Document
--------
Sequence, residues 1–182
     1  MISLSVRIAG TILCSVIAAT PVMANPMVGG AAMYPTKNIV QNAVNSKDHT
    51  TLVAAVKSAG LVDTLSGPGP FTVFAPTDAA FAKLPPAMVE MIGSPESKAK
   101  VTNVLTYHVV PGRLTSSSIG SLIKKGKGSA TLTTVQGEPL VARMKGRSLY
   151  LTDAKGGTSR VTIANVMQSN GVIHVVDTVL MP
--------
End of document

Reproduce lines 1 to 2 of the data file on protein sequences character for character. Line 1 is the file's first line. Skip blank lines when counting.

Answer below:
Sequence, residues 1–182
     1  MISLSVRIAG TILCSVIAAT PVMANPMVGG AAMYPTKNIV QNAVNSKDHT